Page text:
The ability to generate a current flow through an insulator, and to exploit tissues as focal elements of the therapeutic effect, is a differentiating feature of tecar therapy when compared with other techniques. Diathermy, in fact, is also extremely effective in depth, where other exogenous instrumental physical therapies lose their effectiveness.

Is tecar therapy effective?

Now that we’ve defined the mechanism, you’re probably wondering: “Does tecar therapy work?”

With almost 30 years of history and thousands of clinical studies to support it, to date we can say that diathermy has excellent therapeutic effects. It is one of the most powerful physical therapies, as it is able to transfer more energy per unit of time to the human body.
Through the electromagnetic energy/tissue interaction, diathermy is able to produce a temperature increase that occurs in a uniform and controlled manner within the tissue.
This electromagnetic interaction results in the appearance of an ionic flux with a micro-hyperemia that favours the release of endogenous substances (especially cortisol and endorphins) that reduce pain, oedema and inflammation.
Diathermy, therefore, stimulates increased blood flow directly through increased temperature and indirectly through the demand for oxygen by the treated tissues. The increased blood supply boosts normal immune defences and stimulates tissue regeneration, shortening motor recovery times.

Treatment modes: differences between capacitive and resistive

Diathermy has two different treatment techniques:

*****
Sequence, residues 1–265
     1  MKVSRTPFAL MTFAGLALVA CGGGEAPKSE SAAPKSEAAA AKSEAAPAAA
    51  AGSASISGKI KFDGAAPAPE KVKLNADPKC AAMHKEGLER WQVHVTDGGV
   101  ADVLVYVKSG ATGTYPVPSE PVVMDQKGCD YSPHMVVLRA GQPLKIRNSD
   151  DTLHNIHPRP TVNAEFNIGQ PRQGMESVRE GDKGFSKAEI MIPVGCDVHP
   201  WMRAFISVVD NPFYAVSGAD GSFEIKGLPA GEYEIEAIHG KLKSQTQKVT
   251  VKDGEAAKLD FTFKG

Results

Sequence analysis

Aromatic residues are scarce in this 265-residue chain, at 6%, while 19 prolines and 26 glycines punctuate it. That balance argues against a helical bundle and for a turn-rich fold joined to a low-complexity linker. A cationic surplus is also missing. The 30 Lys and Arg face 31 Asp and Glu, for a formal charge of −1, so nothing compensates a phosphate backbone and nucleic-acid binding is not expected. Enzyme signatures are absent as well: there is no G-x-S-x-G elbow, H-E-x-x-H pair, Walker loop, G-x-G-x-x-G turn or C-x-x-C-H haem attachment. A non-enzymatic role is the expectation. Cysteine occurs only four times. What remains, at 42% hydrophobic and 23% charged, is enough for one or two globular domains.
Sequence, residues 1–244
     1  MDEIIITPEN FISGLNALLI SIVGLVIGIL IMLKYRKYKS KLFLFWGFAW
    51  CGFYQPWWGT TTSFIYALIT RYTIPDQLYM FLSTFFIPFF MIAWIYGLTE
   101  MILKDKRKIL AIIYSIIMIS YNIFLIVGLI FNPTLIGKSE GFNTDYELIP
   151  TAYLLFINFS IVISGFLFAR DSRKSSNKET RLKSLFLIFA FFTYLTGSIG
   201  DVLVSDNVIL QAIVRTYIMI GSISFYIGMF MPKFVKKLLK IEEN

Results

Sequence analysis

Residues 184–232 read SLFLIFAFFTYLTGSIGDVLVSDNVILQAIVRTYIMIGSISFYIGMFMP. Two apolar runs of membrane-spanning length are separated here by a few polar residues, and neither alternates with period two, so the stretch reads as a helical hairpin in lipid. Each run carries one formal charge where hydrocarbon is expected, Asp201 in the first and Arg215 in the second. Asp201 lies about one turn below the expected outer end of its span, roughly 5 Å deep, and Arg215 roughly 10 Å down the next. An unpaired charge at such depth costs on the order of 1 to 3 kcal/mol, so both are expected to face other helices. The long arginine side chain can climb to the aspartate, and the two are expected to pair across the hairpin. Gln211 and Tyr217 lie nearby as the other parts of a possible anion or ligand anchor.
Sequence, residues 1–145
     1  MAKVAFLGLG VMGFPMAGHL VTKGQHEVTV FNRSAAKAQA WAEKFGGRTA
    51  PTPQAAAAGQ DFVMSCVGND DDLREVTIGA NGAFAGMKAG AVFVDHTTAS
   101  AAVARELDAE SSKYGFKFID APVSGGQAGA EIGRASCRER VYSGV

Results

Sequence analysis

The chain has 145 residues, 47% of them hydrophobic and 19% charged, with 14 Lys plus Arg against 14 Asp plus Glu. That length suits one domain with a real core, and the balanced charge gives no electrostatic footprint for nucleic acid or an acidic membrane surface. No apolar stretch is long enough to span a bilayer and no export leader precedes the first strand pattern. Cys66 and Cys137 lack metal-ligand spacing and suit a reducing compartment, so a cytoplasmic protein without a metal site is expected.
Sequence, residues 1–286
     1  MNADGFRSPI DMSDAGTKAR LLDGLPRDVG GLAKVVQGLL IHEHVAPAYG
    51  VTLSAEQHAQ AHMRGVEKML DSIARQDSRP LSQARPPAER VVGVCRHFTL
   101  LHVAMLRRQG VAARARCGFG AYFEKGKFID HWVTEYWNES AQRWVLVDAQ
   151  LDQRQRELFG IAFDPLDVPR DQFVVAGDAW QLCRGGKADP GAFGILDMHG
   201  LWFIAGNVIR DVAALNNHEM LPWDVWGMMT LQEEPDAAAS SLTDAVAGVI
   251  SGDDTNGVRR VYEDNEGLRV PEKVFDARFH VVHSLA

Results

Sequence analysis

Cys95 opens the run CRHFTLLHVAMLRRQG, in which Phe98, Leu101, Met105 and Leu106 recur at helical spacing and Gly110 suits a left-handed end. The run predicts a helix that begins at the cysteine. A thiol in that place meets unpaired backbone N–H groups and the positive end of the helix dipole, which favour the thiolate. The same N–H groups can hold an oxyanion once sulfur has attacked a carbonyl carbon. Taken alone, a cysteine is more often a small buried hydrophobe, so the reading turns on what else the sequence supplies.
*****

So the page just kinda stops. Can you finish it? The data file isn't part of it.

Resistive technique. In this mode, the concentration of charges, and thus the biological effect, occurs in the tissues with the highest resistance, which are interposed between the mobile electrode and the return plate.
Resistive contact transfer occurs by means of a non-isolated electrode that mobilises the charges so that they are concentrated in the areas of greatest depth and resistivity, i.e. in tissues such as bone, cartilage, tendons and deep muscles.

Capacitive technique. With this mode, there will be an increase in charge density near the area below the mobile electrode and especially at the level of the superficial soft tissues (vascular and lymphatic circulatory system, adipose tissue and superficial muscles). Capacitive contact transfer is performed through an electrode treated with an insulating coating that mobilises ionic charges in the subcutaneous tissue.

Athermic and thermal treatment: differences

Although the term diathermy has a direct reference to its thermal effect, from the Greek “through” and ”heat”, to date we can state that this effect is not the only therapeutic mechanism of diathermy. It is indeed possible to do therapy even without triggering the thermogenic effect. In this case, we are talking about athermia. Le’s see the differences.

• The thermal effect is effective in reducing pain perception due to the effects that heat induces at the nociceptor level. It is indicated for most diseases, particularly chronic ones, since it also promotes peripheral vascularisation. This effect is easily managed by the operator, as [s]he adjusts the power.